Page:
This Week's Concept: Trading on Max and Min

In the Quantopian emails that I send out, I've added a new section that we refer to as the "weekly spark." The intent is to give you a general algorithmic idea, walk you through it, and help spark your imagination for new ideas and variations.

This week's concept is to watch the recent maximum and minimum prices, and then trade when the price hits one of them. You have choices in how to implement this. If you think that the stock is momentum-driven, you can use a short time frame, and then go long when it hits the max and go short when it hits the minimum. That's essentially riding the momentum. Or you can use max and min to work a contrarian play: use a longer window, sell when it hits the high, and buy when it hits the low. Here's what the contrarian version looks like in a bit of code, and a bit of explanation of the code:

``````@batch_transform(refresh_period=1, window_length=10)
def minmax(datapanel, sid):
prices_df = datapanel['price']
min_price = prices_df[sid].min()
max_price = prices_df[sid].max()

if data[sid].price <  min_price :
order(sid, 100)
if data[sid].price >  min_price :
order(sid, -100)
``````

The first line creates a datapanel for our stock. That datapanel is the last 10 days of data (defined by window_length). The datapanel is reloaded once per day (defined by refresh_period). The minmax function queries that datapanel to find the highest and lowest prices in those 10 days of data. Then, if we go over that max price, we sell. If we go lower than the min price, we buy. The theory is that the price of the stock is reasonably stable, and you're betting that any movement to an extreme will later return to the mean.

Below is a full implementation of the momentum version of a min/max algorithm. When you dig into this example, you'll see that the order management gets a bit tricky. It's not enough to just buy and sell in this case; you also have to close out your position at the right times, too. You should clone that algorithm and create your own version. You can try it on different stocks and see which ones are momentum and which ones are more stable. You can try different window lengths. You can change the order management.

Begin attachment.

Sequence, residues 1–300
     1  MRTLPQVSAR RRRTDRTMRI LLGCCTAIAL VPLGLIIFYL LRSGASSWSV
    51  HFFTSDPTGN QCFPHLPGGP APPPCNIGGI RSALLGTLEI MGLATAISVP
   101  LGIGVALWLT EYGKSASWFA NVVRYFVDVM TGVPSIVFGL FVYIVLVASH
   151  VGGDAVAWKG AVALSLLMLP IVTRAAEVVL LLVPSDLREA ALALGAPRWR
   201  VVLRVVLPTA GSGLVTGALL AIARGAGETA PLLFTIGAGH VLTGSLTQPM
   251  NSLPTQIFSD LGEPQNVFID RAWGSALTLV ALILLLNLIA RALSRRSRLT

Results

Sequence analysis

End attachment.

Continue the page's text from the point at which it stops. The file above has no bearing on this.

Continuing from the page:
(This example is the same example that is in the help docs - so if you already used the batch transform example, then you've seen this one before!)

102
Backtest from to with initial capital
Total Returns
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Alpha
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Beta
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Sharpe
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Sortino
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Max Drawdown
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 Returns 1 Month 3 Month 6 Month 12 Month
 Alpha 1 Month 3 Month 6 Month 12 Month
 Beta 1 Month 3 Month 6 Month 12 Month
 Sharpe 1 Month 3 Month 6 Month 12 Month
 Sortino 1 Month 3 Month 6 Month 12 Month
 Volatility 1 Month 3 Month 6 Month 12 Month
 Max Drawdown 1 Month 3 Month 6 Month 12 Month
# Backtest ID: 50b78b767899861f73015de4
This backtest was created using an older version of the backtester. Please re-run this backtest to see results using the latest backtester. Learn more about the recent changes.
There was a runtime error.
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1 response

Thanks Dan,

I suggest augmenting your code and text discussions with some qualitative/quantitative "cartoons." For example, use flow/state/timing diagrams, logic tables, etc. Also, I gather (from one of your communications) that in-house you can generate custom plots. These could be used to illustrate what's going on "under the hood" of the algorithm versus time (instead of referring the reader to have a look at the text of the algorithm log output).

Initially, there is a bit of work to generate the diagrams, etc., but they can be recycled and edited.

As an example, Google Drive could work for this (see https://docs.google.com/open?id=0B2tcLlcd9yHNUjFZNmRuQnh1X3M). I poked around github--perhaps the wiki function there could be used? Or maybe this forum could have file upload or embedded graphics enabled?